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Coronary artery bypass and valve surgery 

Coronary artery bypass and valve surgery
Chapter:
Coronary artery bypass and valve surgery
Author(s):

Rana Sayeed

, and David Taggart

DOI:
10.1093/med/9780198746690.003.0369
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date: 05 March 2021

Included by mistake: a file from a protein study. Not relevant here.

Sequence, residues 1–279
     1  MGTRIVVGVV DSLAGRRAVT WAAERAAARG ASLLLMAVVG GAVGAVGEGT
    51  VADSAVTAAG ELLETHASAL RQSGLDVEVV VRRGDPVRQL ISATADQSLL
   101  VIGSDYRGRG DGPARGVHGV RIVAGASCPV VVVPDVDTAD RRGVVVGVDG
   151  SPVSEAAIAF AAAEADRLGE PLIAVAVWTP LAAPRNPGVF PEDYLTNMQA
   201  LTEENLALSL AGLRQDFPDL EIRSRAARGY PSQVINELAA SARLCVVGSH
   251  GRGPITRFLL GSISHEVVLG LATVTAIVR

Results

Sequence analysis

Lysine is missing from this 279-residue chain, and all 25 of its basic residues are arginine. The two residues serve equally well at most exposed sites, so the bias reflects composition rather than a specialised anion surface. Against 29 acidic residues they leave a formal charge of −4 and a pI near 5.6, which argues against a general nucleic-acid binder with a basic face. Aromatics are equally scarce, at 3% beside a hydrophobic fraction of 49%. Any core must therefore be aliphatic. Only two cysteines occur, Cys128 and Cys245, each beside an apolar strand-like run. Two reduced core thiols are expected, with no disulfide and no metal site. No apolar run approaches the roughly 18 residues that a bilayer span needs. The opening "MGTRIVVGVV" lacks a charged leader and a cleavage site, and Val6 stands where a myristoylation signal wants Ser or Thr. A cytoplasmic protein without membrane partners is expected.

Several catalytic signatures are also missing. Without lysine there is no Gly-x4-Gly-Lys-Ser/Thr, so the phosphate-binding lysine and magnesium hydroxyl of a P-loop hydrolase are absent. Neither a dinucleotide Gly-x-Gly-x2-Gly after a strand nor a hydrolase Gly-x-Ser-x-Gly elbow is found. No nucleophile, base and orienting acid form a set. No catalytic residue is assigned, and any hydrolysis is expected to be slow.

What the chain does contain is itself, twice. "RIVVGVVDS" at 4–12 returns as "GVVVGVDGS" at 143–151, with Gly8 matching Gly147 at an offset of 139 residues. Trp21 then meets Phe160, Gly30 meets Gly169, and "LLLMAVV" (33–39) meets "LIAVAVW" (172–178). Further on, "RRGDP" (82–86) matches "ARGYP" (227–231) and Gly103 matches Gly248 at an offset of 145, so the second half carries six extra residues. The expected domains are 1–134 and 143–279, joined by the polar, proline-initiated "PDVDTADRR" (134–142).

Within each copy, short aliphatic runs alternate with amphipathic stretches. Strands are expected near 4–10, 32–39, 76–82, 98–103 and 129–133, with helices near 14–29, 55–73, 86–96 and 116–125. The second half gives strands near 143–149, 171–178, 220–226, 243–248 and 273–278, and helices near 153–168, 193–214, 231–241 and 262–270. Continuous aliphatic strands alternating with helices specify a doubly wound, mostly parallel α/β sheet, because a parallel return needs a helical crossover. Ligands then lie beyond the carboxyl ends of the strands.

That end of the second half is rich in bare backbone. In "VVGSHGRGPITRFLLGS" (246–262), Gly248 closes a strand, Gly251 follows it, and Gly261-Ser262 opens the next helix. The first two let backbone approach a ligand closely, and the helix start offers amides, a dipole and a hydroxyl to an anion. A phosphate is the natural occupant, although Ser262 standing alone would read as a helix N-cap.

The two main indications for coronary artery bypass grafting (CABG) are for relief of symptoms, usually angina and/or breathlessness, that persist even with optimal medical therapy, and/or prognosis. There is a prognostic benefit for CABG in patients with large volumes of ischaemia (i.e. affecting >12% of the ventricular myocardium), and the benefit of revascularization increases with increasing volumes of ischaemia. The overall mortality for elective CABG in the United Kingdom is around 1% and has continued to fall over the last decade despite an increasingly adverse risk profile of patients undergoing surgery. Valve surgery is primarily performed for patients with severe valvular disease and symptoms. Indications also include deteriorating ventricular function and the requirement for coronary artery surgery in patients with coexistent valve disease. Mitral valve repair is a highly successful procedure in patients with non-rheumatic valvular regurgitation and is associated with an excellent long-term survival.

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